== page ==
The delay trick is always a great one. I sometimes use a sample delay or time adjuster as opposed to a regular delay.
I'm very fond of duplicating the mono sounding track, panning the two tracks left and right, and then slightly pitch shifting the duplicate. I personally generally prefer pitching down, but pitching up sounds good too.
Plugs like Waves Doubler work great too, really just delays and pitch shifting also.
Sometimes instead of pitch shifting, I'll time stretch the duplicate slightly also. Gives the image an interesting pulling kind of motion.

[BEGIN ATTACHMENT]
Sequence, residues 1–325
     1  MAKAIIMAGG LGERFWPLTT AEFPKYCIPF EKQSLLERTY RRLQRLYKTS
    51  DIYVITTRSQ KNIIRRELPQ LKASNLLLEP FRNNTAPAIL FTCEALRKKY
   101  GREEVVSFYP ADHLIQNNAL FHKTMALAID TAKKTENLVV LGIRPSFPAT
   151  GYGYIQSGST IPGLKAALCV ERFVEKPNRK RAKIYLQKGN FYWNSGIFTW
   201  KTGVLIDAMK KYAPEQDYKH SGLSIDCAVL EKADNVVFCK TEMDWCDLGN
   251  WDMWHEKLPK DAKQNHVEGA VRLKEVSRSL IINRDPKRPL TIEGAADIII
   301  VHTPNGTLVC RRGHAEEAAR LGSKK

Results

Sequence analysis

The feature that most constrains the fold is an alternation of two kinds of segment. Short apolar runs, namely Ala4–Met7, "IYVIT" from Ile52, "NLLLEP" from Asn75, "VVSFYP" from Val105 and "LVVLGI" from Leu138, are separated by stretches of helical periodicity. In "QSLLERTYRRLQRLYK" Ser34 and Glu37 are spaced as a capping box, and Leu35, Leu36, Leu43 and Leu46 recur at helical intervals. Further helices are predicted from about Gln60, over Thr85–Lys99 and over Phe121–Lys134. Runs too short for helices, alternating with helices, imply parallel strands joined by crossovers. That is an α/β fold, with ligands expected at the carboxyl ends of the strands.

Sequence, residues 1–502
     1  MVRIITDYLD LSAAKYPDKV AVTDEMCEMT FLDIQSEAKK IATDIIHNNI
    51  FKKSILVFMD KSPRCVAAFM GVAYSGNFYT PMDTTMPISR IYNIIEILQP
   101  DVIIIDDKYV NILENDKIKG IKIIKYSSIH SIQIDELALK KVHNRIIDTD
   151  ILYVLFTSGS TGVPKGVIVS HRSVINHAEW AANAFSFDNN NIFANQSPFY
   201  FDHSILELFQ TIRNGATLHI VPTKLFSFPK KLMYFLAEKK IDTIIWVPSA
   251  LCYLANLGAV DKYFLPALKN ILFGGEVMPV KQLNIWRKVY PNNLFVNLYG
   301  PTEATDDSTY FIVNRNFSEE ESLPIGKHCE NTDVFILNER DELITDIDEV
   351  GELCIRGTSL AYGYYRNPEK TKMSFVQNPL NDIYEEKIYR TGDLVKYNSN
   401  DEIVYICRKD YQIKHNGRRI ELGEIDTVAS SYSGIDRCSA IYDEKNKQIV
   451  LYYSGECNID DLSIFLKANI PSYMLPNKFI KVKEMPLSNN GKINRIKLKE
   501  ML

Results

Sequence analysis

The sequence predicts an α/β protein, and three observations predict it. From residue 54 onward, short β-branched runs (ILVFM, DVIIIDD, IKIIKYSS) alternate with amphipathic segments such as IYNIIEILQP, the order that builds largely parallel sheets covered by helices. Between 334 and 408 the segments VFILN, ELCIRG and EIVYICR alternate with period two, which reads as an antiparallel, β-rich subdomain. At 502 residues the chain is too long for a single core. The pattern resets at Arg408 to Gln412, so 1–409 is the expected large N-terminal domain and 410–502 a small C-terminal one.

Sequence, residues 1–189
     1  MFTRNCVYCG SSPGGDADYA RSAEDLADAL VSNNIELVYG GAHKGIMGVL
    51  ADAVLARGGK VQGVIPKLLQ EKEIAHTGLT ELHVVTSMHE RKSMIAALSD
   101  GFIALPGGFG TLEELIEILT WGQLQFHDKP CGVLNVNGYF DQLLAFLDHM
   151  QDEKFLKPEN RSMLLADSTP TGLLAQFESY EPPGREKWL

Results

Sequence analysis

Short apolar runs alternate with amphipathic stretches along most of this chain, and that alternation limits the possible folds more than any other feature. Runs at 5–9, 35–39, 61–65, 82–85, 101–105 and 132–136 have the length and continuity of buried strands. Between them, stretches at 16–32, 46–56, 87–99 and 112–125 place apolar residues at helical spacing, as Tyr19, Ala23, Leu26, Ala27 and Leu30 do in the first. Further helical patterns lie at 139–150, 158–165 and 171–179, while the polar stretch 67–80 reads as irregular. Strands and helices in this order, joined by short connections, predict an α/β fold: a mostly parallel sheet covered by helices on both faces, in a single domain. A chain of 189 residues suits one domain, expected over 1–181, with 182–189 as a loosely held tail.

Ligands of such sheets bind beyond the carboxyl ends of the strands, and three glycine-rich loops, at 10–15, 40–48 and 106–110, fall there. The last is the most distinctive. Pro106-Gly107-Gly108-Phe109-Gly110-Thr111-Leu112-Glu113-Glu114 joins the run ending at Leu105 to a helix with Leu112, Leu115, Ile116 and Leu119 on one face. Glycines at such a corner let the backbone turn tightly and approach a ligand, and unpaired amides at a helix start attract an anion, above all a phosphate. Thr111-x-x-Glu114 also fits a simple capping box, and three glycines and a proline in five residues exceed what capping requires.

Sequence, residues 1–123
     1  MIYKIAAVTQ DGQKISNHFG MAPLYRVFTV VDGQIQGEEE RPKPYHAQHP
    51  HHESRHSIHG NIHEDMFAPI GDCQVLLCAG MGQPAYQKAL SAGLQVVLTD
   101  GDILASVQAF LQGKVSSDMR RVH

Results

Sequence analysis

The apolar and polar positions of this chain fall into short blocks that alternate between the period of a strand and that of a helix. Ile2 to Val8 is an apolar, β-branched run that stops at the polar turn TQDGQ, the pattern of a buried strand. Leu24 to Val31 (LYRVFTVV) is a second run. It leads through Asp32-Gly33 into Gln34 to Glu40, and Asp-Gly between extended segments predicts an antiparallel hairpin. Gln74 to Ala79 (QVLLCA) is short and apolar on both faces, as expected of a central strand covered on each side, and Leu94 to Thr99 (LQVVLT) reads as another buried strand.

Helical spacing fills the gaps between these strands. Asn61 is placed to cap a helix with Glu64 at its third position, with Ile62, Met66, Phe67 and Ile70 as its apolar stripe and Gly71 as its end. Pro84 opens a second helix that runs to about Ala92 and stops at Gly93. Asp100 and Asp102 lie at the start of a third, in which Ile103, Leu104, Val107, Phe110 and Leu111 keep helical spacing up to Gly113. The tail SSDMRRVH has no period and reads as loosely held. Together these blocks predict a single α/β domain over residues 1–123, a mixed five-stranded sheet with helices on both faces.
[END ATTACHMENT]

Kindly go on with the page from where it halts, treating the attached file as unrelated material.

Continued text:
also, Eq'ing the two sides separately can do the trick.
as can putting a short modulating reverb on each side, preferably with different modulation times to spread out the image further.
Also, at the expense of being a little more forceful with the sound, using a granular process with a fair amount of pan jitter and a fast grain rate can do wonderful things to a mono image. slap a reverb on afterwards to smooth it out, sounds instantly ominous.